If I could keep someone alive, with minimal disruption to my own life, then I think it would be exceedingly selfish for me to not do so. Well, maybe you could make a sensible argument that it is not "exceedingly" selfish for me to want to live a life other than staying in the hospital bed by the violinist. Presumably the violinist is large enough that carrying this person on my back would be quite burdensome. So the analogy falls apart a bit there (because carrying a baby, within the confines of a person's body, would be easier than having a fully grown person clinging onto my back). Getting the focus back to morality, the right thing for me to do is to go through some inconvenience to help a person in need, like the Good Samaritan, who spent some of his time, and was financially worse off in the end.

What are the "morally relevant differences" ?
What's the difference?

The stance, which I'm trying to describe, is that this isn't all that different. This hypothetical scenario of the violinist is quite similar, and people should seek to do what they can to protect the violinist.

To be clear...

Critics of Thomson's argument generally grant the permissibility of unplugging the violinist, but seek to block the inference that abortion is permissible
... that is not the stance that is being taken by the argument that I am currently providing. I'm primarily answering the question about a "Christian argument", and am not assuming the permissibility of unplugging the violinist.

A later part of a later question:

...but people are not responsible for caring for a violinist who they were attached to without consent?

is also answered by that. Such people are responsible.

As for the first part of that quote:

Why are women responsible for carrying a child, who she did not consent to carrying, to birth...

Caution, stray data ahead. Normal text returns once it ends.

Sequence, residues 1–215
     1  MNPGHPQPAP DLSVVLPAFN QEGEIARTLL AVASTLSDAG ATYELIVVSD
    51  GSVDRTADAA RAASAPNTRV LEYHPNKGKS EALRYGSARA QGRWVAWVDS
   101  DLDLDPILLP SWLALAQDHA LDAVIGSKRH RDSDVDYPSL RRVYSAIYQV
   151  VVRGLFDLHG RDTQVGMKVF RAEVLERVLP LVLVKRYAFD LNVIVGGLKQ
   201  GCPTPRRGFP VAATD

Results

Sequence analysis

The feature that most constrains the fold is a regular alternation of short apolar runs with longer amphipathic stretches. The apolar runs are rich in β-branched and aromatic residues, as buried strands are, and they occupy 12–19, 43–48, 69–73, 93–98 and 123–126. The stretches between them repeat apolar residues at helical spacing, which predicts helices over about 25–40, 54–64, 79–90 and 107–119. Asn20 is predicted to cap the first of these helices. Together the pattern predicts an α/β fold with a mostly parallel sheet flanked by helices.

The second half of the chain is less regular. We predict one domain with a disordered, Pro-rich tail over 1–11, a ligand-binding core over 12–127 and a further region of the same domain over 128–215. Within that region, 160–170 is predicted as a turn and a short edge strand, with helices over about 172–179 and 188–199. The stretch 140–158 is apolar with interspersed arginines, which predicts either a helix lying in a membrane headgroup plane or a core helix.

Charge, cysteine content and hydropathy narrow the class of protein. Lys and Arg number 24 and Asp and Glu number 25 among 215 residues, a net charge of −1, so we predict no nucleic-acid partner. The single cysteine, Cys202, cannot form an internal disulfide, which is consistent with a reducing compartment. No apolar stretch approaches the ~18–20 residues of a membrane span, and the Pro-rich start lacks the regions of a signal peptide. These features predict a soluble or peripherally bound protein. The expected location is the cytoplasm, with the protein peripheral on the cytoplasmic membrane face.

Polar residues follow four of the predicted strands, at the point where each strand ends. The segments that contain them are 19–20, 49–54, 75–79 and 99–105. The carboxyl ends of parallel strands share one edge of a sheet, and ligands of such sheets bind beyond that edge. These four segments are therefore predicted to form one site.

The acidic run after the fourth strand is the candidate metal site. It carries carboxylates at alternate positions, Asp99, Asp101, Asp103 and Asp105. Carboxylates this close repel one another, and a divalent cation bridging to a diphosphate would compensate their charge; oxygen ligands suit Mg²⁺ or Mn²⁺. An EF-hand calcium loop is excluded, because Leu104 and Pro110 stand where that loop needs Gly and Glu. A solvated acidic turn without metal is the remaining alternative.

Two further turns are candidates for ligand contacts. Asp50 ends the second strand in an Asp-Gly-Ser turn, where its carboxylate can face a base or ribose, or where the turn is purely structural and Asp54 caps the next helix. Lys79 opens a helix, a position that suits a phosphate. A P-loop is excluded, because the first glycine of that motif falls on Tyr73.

Why? Because that is their lot in life. Just as it is the fate of Chinese people to breathe polluted air, and it was Phan's fate (see: Wikipedia's article on Phan Thi Kim Phuc to be most well known for a photograph where she is naked. Phan didn't ask to have napalm splattered on her body. Yet she overcame the challenge: "Forgiveness made me free from hatred." "Napalm is very powerful, but faith, forgiveness, and love are much more powerful." Sumiteru Taniguchi's body (article shows an 86 year old body that is severely affected a nuclear bomb dropped on Nagasaki when he was 16 years old. These tragedies may not be these people's fault, but they do need to live with them.

It's not "right" for the rape victim to need to suffer, just as it is not right that Ms. Phan or Mr. Sumiteru had to suffer, or for the Good Samaritan to need to pay a hotel owner. However, questions about unfairness, or why God may allow suffering, is beyond the scope of an argument focused on abortion. In the case of the rape victim, there does appear to be an option, but that option involves causing irreparable damage to the life of an unborn child, which Exodus 21:22-25 (already hyperlinked above) indicates should be protected.

  • It all comes down how much does being plugged to the violinist impact your life, right toogam? carrying a baby is natural but lying around a hospital bed hinders me from going about my life's work? Thank you – Red Rackham Dec 30 '15 at 19:59